Re­stored château

French Property News - - Expert Advice -

Set in idyl­lic coun­try­side in the de­part­ment of Char­ente in south-west France lies the re­stored 15th-cen­tury Château de la Roche, with six re­cep­tion rooms, five bed­rooms, four bath­rooms and just over 105 hectares of land. It was orig­i­nally built to pro­tect La Bou­tonne, which was an im­por­tant river route in those days, and you can still find some re­mains of its mil­i­tary past in what’s left of the old cas­tle (a crenel­lated tower) and moat. The main body of the château dates from 1755 when it was re­con­structed in the neo-clas­si­cal style with a beau­ti­ful jardin à la française; a sym­met­ri­cal gar­den fea­tur­ing a geo­met­ric pat­tern.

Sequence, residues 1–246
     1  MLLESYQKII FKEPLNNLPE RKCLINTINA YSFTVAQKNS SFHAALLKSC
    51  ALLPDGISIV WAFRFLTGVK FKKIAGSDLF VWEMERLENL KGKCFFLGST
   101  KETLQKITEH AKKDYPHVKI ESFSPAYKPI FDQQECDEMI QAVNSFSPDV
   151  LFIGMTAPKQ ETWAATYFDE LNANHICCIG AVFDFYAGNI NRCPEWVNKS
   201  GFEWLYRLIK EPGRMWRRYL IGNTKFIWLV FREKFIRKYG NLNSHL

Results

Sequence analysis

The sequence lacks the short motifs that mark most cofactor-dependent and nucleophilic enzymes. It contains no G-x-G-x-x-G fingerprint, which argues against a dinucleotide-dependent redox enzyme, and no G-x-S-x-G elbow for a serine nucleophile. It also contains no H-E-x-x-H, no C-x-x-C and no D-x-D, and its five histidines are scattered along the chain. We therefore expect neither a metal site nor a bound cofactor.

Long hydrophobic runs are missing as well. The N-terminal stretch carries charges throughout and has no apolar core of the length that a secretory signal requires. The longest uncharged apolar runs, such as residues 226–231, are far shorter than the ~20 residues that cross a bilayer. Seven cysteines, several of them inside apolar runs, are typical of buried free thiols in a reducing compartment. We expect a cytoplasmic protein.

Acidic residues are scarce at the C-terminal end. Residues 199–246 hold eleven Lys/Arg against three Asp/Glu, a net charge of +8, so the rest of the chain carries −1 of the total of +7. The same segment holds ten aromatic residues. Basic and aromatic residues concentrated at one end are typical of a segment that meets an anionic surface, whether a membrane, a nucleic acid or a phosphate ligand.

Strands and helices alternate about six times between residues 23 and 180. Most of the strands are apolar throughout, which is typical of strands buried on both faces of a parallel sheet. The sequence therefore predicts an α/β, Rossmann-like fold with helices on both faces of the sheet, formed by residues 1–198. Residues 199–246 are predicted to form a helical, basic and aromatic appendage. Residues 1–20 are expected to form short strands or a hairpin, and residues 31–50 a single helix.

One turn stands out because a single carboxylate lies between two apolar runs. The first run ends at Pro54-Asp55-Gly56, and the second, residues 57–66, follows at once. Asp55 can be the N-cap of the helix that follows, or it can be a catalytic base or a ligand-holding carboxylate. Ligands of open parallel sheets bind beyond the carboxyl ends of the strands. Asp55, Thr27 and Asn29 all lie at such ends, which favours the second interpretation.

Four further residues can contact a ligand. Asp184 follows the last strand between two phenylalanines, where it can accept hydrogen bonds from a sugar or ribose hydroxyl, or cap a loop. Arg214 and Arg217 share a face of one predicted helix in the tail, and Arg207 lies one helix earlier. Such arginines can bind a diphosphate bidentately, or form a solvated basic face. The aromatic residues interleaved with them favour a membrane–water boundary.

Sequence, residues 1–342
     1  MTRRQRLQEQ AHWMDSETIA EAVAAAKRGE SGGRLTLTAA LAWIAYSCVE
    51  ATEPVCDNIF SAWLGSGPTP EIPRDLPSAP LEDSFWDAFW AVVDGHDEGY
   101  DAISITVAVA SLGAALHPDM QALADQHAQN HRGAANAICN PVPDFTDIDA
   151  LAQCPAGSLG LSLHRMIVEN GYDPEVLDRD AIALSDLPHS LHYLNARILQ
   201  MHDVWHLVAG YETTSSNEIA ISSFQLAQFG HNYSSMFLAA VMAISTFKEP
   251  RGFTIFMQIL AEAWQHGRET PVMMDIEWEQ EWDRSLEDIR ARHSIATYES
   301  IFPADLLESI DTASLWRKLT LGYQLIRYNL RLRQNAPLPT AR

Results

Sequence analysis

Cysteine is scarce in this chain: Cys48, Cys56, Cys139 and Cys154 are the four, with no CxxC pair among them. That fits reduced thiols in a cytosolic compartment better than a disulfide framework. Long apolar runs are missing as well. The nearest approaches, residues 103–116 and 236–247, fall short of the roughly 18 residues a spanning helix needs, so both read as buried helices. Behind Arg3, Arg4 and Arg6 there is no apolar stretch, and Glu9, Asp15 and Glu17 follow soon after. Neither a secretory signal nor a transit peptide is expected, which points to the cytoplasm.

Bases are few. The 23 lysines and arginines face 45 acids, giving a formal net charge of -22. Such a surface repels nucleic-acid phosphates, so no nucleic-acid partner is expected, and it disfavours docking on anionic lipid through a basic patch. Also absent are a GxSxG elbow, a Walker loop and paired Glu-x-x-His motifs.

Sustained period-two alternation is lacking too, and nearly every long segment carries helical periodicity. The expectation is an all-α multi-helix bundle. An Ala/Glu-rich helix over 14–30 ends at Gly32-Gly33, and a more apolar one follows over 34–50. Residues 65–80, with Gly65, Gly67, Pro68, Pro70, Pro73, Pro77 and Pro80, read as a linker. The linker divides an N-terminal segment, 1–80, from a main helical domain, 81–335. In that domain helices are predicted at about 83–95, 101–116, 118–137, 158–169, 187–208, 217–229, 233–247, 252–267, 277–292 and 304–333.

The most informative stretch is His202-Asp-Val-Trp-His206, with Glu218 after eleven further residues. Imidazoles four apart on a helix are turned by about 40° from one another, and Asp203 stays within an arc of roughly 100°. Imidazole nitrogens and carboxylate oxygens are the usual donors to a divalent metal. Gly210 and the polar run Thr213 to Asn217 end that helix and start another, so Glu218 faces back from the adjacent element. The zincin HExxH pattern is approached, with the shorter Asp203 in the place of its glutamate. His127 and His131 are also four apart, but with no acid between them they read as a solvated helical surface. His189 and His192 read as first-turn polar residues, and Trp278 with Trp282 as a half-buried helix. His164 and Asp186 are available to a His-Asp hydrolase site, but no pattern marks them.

It’s be­lieved that in 1621, the 20-year-old Louis XIII stayed at the château for a few weeks dur­ing the siege of St-jean d’angély, the Huguenot (Protes­tant) stronghold. It was cap­tured af­ter only 26 days and, doubt­less feel­ing pleased with him­self, leg­end has it that be­fore de­part­ing south to lead the Siege of Mont­pel­lier, the king briefly re­turned but this time to rest and stay at the château for plea­sure.

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